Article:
Across the convention center was the Spring Chicago O’Hare Antiques Show. Green Acres Antiques from Chester, Vt. always has a great show in Chicago, and this spring was no exception. John reported that he sold mostly high-end furniture including almost all his Renaissance Revival pieces, oak pieces, and slag glass lamps. Still available was an Eastlake style Victorian walnut triple bookcase in the original finish for $3,200, and a Victorian Renaissance Revival walnut davenport desk for the same price. In the original finish was a walnut Victorian sheet music stand for $685, and an unusual walnut marble top sheet music stand for $1,200.
Showing at O’Hare for the first time was Antique Interiors from Riverwoods, Ill. Rod and Sue Bartha were pleased to sell an oak two-seat, oak chairs, a Victorian music stand, and a lily lamp. Dating circa 1885 was a very rare early Victorian walnut smoking stand tagged $2,750, and an early oak corner cabinet with the original finish, lock and key from the same date was $2,450. A harvest table with turned legs and two center drawers was $2,300, and circa 1930 pair of Capodimonte signed and dated lamps was $4,500.
From Boston, Mass, Chinese Country Antiques sold a fine Eighteenth Century walnut altar table, a matching pair of black cabinets, and smalls. Chalice Antiques form Mount Olive, Ill also sold a lot of fine Victorian furniture examples. Finishing Touch Antiques from Wautoma, Wis sold a Chippendale dining room set wit five leaves and eight chairs, an Eastlake cupboard with marble top, a French vitrine, and a French kidney-shaped desk.
From right in Chicago, Silver Treasures sold a lot of fine silver. Dorothy’s Antiques from Boca Raton, Fla sold examples from her collection of Eisenberg jewelry, lucite purses, vintage hats, and vintage costume jewelry. Vintage Eyeware from Amherst, N.Y. and Miami, Fla was doing well with their vast collection of 1930-1970s new old stock of frames and rare antiques wire and tortoise pieces dating from 1700. Their eyeware is also used for props in film, theatre, and advertising.
Jacques Berten Maritime Antiques from Fort Lauderdale, Fla featured selection of Sunderland lustre jugs and plaques, sea antiques, navigational instruments, ropework beckets, and swords.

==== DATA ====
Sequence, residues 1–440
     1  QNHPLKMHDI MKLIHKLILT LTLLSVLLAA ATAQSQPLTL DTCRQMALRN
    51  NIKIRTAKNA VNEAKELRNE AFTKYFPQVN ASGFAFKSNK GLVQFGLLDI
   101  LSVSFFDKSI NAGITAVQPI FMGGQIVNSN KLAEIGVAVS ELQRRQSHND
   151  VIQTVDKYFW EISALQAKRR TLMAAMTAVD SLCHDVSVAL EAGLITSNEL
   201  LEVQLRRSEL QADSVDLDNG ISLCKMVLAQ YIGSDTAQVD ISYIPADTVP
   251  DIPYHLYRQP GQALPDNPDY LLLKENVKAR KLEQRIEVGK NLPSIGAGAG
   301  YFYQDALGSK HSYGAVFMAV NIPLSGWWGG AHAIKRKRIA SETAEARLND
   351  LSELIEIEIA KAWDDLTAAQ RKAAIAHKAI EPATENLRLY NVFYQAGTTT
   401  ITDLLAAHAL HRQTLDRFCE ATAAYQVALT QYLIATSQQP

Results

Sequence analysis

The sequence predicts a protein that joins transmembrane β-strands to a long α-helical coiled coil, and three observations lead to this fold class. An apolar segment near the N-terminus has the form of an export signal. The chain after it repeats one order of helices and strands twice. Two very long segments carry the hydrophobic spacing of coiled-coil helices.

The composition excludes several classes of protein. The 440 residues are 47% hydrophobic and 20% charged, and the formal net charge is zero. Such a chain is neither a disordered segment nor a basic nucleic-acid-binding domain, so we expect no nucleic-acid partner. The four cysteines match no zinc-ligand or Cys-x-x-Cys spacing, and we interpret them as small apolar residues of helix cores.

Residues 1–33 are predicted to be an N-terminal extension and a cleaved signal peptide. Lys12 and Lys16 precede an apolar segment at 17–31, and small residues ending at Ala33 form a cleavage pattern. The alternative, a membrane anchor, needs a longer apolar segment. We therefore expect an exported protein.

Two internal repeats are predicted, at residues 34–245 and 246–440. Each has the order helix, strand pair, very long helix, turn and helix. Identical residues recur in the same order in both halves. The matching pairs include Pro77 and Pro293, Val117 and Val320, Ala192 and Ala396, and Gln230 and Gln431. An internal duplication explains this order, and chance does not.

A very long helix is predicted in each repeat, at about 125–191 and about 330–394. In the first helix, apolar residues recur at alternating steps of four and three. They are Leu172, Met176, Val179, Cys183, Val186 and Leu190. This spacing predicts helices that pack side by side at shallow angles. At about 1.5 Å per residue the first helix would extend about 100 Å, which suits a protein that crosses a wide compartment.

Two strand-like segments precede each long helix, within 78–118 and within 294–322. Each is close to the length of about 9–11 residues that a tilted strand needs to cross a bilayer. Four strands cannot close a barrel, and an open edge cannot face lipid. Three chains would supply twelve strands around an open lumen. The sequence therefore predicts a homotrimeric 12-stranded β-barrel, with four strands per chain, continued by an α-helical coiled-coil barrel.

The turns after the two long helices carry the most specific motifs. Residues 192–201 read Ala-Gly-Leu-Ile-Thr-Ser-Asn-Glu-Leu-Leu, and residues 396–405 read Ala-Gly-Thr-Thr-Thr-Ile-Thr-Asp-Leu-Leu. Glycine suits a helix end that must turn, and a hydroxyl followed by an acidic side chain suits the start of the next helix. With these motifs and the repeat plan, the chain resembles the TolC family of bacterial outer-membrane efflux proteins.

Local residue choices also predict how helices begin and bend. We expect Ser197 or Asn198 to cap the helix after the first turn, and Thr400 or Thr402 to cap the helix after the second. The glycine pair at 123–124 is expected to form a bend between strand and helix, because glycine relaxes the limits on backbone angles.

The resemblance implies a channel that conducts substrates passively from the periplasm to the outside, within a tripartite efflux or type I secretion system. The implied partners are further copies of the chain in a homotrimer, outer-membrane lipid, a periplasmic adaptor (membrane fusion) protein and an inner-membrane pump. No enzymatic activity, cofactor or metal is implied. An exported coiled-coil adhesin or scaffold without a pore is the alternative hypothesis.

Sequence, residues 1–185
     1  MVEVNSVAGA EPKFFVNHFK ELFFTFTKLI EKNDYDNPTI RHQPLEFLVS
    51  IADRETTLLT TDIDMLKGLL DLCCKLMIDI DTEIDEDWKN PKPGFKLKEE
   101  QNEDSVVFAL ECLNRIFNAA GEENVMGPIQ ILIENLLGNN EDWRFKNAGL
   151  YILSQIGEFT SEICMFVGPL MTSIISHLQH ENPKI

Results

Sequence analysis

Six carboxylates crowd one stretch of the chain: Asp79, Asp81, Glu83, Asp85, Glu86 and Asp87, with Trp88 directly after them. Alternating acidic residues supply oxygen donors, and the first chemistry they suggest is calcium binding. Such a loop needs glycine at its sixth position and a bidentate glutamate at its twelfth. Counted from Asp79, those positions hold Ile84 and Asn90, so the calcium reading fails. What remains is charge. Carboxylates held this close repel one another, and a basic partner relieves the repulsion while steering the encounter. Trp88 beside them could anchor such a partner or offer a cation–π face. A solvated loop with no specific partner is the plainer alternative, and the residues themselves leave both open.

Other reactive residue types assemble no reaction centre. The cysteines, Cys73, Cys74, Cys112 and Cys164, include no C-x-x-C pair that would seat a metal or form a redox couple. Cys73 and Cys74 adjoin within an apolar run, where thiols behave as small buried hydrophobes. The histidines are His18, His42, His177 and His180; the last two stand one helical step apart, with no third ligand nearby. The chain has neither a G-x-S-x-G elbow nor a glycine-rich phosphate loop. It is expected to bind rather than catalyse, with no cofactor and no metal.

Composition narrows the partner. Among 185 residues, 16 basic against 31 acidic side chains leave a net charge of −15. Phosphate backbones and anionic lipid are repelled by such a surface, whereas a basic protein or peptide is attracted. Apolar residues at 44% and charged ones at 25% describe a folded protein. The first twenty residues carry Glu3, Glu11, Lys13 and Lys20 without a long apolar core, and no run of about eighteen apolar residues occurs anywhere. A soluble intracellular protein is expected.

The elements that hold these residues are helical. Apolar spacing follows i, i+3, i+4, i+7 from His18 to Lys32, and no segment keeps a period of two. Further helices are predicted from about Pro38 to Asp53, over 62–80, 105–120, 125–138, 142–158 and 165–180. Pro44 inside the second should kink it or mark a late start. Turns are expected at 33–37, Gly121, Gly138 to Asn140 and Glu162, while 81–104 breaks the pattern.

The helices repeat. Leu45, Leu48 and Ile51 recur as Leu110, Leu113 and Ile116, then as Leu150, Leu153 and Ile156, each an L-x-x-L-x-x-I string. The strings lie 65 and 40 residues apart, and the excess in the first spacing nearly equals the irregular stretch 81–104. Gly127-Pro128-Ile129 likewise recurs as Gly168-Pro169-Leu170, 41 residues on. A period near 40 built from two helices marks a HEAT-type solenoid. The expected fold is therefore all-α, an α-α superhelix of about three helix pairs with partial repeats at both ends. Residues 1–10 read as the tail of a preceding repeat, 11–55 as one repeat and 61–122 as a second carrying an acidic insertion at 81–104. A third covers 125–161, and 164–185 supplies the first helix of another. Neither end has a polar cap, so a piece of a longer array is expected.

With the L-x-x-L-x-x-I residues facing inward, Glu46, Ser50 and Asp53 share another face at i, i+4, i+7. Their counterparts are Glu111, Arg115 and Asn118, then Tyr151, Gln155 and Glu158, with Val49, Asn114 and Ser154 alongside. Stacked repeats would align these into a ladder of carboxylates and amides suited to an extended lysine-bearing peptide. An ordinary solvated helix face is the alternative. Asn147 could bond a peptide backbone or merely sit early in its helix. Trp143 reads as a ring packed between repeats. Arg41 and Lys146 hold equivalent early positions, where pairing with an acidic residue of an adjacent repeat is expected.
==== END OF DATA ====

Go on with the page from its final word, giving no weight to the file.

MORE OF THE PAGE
The Merchant Princess from Macon, Ga set up a huge display of pillows of all sorts and sizes, sofas, chandeliers, mirrors, and lamps. New dealer Abstracta from Mobile, Ala specialized in Scandinavian modernism pieces including Orrefors and other Swedish glass, pottery, silver, and jewelry.
Clock dealer John Heiden form Barrington, Ill sold two good Vienna regulator clocks, one with two weights. John reported that “wall clocks are back in vogue.”
First-time exhibitor Arabesque Antiques from Valley Falls, N.Y. showed a circa 1880 English walnut bonnet top breakfront armoire with carved pulls and molded base tagged $10,000. An earlier piece was a circa 1820 American Federal secretary/bookcase tagged $4,500.
Attributed to Elkington, Sheffield, England was a circa 1890 silverplate stag epergne with brilliant cut crystal bowl and plateau mirror tagged $6,000.
Superb European porcelains including fine Meissen were sold by Philomena Antiques, Inc from Denver, Colo. From nearby Downers Grove, Ill Fermette Antiques has added majolica, copper molds, and some French and Belgian furniture to their excellent selection of Quimper to round out their offerings for the collectors. Sales included some Quimper and majolica pieces.
Wellesley House Ltd Fine Antiques from Lake Forest, Ill sold a tortoise and sterling English clock and some other smalls. They had an excellent selection of brass candlesticks, tea caddies, small furniture examples, and pictures frames. Their best piece was a scalloped edge tortoiseshell tea caddy with mother of pearl and an inscription reading “4th October 1866” that was tagged $7,500.
In addition to jade, Peking glass, snuff bottles, Japanese ivory, and scholar’s table rdf_Descriptions, Asiantiques form Winter Park, Fla had some fine furniture at this spring show. A Seventeenth Century Haunghuali scholar’s table was a rare example tagged $25,000, and a pair of Juanguali horseshoe back armchairs with dreamstone panels was $23,000. A very rare Seventeenth Century Huanghuali screen was also $25,000.